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S. Sudan celebrates year of freedom

Updated: 2012-07-10 07:08
( Agencies)

Dancing and singing, South Sudanese on July 9 put aside dire warnings over the stability and economic viability of their fledgling nation, the world's newest, to celebrate its first year of independence.

Celebrations began at midnight as crowds took to the streets of the capital, Juba, with people crammed into cars driving around the city and honking horns to mark the anniversary of separation from former civil war foe Sudan.

S. Sudan celebrates year of freedom 

Deputy Foreign Minister Zhang Zhijun (second left), Assistant Foreign Minister Ma Zhaoxu (right) and South Sudan Ambassador Eluzai Mogga Yokwe (second right) cut a cake to celebrate the first anniversary of the African country's independence on Monday. Cui Meng / China Daily 

"It is a good day because it's the first birthday of my country," said Rachel Adau, a nurse, who arrived soon after dawn to secure a place at the official ceremony, which took place at the mausoleum of the late rebel leader John Garang.

"Today is the day we celebrate when the people came out from the Arabs and liberated themselves," said Michael Kenyi Benjamin, a student.

South Sudan has spent the past year wracked by border skirmishes with the rump state of Sudan, as well as internal violence and the shutdown of its vital oil production in a bitter dispute with Khartoum.

While South Sudan has made progress, it remains one of the world's poorest countries, where even the most basic infrastructure, such as roads, electricity and water-distribution networks, is lacking.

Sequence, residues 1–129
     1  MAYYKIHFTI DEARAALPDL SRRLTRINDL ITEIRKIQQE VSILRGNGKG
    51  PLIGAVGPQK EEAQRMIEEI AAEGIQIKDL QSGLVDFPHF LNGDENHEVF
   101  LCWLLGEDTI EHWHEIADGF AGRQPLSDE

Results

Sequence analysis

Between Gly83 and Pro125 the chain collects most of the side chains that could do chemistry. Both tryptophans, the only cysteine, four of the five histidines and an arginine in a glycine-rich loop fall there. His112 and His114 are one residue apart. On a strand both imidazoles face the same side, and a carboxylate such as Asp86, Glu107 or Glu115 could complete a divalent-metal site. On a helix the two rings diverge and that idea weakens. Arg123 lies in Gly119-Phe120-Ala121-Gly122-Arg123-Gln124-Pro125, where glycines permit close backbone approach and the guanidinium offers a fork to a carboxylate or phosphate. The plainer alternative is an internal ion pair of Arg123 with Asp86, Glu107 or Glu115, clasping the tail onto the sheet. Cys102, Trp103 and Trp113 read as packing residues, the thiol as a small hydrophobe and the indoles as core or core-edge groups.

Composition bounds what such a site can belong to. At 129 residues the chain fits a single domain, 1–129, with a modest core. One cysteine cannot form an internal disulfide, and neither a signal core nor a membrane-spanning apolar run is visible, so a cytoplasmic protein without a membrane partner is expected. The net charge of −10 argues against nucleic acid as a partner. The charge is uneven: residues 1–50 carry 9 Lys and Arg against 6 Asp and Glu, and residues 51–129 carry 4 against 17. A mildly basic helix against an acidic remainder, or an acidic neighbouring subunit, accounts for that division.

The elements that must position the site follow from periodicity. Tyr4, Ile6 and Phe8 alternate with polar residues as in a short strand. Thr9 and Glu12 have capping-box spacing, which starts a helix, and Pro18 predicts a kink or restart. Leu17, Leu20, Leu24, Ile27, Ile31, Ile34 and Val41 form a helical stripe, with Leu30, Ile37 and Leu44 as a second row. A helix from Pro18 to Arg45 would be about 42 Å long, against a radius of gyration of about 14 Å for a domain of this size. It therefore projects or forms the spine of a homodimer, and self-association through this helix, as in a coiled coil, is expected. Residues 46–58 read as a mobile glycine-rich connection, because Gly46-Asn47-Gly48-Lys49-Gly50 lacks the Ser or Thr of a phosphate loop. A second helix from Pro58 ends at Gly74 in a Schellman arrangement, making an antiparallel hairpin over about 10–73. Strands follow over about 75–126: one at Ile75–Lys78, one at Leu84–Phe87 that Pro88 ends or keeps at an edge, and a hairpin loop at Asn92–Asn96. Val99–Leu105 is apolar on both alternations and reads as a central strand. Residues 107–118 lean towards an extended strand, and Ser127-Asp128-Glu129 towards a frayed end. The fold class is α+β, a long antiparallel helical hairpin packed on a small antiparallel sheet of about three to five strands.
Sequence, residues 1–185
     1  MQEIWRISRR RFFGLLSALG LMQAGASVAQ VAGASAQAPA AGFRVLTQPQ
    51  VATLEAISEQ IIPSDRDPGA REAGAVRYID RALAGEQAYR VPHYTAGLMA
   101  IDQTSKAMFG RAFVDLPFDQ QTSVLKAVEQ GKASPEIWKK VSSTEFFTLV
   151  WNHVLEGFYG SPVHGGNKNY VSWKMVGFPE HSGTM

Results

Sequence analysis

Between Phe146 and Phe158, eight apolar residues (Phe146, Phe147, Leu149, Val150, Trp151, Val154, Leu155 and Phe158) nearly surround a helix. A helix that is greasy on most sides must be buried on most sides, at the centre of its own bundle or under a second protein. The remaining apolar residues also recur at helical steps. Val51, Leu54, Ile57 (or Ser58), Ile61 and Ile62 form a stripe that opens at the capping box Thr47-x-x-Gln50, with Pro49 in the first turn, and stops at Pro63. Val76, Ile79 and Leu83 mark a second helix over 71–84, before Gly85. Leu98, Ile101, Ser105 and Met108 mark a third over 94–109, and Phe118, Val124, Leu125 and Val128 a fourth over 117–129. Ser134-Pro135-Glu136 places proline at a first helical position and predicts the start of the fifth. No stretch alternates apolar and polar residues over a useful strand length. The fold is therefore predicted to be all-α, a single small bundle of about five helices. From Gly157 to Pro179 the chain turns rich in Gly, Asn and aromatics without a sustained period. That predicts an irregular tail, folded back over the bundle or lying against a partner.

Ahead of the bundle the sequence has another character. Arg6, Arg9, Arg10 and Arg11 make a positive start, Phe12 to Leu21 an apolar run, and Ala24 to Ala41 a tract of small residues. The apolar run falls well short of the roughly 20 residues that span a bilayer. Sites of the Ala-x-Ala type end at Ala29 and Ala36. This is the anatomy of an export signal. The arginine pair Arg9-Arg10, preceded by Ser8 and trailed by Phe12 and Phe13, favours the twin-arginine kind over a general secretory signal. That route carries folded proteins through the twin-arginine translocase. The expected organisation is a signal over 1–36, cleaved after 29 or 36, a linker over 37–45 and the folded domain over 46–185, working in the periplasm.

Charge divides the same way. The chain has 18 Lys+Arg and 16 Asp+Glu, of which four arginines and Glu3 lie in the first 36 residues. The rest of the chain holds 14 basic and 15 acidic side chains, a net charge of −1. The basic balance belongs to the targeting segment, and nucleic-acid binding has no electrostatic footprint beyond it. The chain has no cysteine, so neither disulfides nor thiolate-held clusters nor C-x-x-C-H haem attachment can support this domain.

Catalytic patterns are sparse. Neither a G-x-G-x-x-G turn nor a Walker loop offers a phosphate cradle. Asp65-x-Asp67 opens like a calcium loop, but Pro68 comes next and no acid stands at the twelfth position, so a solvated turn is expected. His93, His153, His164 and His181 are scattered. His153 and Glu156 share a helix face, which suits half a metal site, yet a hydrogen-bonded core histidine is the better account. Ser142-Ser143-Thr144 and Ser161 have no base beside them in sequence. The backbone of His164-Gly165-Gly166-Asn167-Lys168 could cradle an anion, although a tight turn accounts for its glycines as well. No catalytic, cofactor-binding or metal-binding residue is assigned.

The outstanding issues, including the sharing of revenues of oil, were among the most prominent differences that prevented the establishment of normal ties between Khartoum and Juba.

South Sudanese are also suffering from a lack of development and basic services, and from high prices for basic commodities.

Mohamed Hassan Saeed, a Sudanese expert, told Xinhua that "the events which followed the separation of South Sudan have proved that the security issue is still the major threat to the stability of relations between the two countries".

"Full normalization in relations between Khartoum and Juba cannot be achieved without exploring a settlement for security issues," he added.

The issues with the Blue Nile and South Kordofan areas as well as oil-rich Abyei should be resolved first, and then the two sides can search for an agreement that will restore pumping of the south's oil through Sudan, he added.

He said the current disputes between Sudan and South Sudan are the result of their separation because both countries are having trouble adapting to the situation.

"The south is suffering from the difficulties of building a state from nothing under chronic tribal conflicts, scarcity of resource and a lack of infrastructures, while Sudan is suffering from economic, security and political issues," he said.